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Chapter 2 The Flight of the Kanápu

  • ON further careful study of Carteret's book and chart, the mind of Fletche_hristian was greatly disturbed, for he knew that there was much to fear i_he position of Pitcairn had been wrongly laid down. The currents, too, i_his part of the world were but little understood by those few navigators wh_ad sailed among the islands; indeed, the natives themselves were far bette_nformed of both the winds and currents of Eastern Polynesia than were the fe_uropean voyagers among the various groups since the days of Carteret an_ook.
  • Carteret had laid down the centre of Pitcairn in lat. 20° 2' south, and long.
  • 133° 21' west; but although Christian was fairly confident of sighting th_sland by keeping a careful look-out and heaving-to at night when he got nea_t, he felt that his limited knowledge of the winds and currents might lead t_rolonged and tedious search.
  • For twenty-one days after leaving Fakarava the Bounty sailed south- easterly.
  • Several low-lying atolls were sighted, but no sign of high land had been seen; yet, by Christian's calculations (only revealed to Young, Smith, and McCoy), he had twice sailed over the position assigned to the island by Carteret. Hi_isgivings that a strong current had set him too far to the eastward wer_aily growing stronger. His only chronometer, through an accident, had bee_endered useless, and besides this the weather latterly was gloomy and the su_eldom visible. The last land had been sighted eighteen days after leavin_akarava, and Talalu and Tairoa-Maina, who from the break of day wer_ontinuously aloft on the lookout, assured him on that day that no land la_urther to the south-east but Afita and a little sandy island called Oeno, about half a day's sail to the northward. Small as this island was, the_eclared that the clamour of the sea- birds, whose resting-place it was, woul_eveal its presence even on the darkest night; and this alone somewha_eassured him in the hope that he had not drifted past it or Pitcairn in th_arkness. A day's sail further to the eastward was another island which the_aid was called Fenua-manu; this, too, was the home of millions of sea-birds, whose voices stifled the beating of the surf upon the reefs, so great wer_heir numbers.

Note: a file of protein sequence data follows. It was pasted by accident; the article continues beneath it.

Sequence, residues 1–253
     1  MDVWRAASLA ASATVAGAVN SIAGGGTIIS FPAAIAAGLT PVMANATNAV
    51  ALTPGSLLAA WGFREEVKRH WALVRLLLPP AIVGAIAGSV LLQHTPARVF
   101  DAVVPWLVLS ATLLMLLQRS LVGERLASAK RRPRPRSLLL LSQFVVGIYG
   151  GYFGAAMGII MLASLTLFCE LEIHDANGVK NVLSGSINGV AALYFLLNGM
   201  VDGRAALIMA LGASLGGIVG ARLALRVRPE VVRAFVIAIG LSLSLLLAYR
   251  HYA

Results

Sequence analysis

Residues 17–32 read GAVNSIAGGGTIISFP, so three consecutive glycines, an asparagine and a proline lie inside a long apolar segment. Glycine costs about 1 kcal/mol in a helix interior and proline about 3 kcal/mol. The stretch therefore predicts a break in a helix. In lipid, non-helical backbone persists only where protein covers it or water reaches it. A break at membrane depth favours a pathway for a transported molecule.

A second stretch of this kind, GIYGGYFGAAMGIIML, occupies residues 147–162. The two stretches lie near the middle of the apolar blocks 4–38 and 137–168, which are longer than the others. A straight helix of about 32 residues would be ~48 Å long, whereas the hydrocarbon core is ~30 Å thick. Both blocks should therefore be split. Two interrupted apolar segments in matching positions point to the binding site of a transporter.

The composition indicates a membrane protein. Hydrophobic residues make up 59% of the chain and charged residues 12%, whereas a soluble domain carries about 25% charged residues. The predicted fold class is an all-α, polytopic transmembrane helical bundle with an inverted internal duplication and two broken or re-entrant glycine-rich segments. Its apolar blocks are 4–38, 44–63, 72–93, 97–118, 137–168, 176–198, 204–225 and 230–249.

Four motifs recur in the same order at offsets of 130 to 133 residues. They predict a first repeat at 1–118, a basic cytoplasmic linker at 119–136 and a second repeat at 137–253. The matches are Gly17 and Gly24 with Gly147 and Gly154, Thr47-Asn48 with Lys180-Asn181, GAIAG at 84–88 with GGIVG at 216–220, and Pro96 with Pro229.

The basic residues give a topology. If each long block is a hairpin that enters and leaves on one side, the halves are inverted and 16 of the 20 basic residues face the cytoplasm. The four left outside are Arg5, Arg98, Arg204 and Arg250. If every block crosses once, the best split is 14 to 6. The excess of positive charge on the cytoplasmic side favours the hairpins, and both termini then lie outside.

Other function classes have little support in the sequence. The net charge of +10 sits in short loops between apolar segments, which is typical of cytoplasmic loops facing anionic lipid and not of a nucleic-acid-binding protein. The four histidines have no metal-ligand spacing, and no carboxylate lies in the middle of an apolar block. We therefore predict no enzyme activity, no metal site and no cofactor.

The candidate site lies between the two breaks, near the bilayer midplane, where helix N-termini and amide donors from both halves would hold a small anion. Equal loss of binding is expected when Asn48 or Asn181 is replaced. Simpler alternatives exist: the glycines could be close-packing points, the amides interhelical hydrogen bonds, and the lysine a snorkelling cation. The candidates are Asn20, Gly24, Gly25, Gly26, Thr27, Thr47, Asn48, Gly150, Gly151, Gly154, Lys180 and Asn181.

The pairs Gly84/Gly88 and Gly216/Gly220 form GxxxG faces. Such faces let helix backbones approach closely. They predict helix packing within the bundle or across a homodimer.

• With his chin upon his hands, Fletcher Christian gazed moodily at the char_efore him. Mahina, who by the cabin door was watching him with tende_nterest, heard him sigh wearily. Stepping up to him, she pressed her coo_and to his forehead, and leant her cheek against his in loving sympathy.
  • In the great cabin no sound broke the stillness save the swish and swirl o_he ship's wake as she slipped through the water; and presently Christian, drawing the girl's slender figure to a seat beside him, pointed to the chart.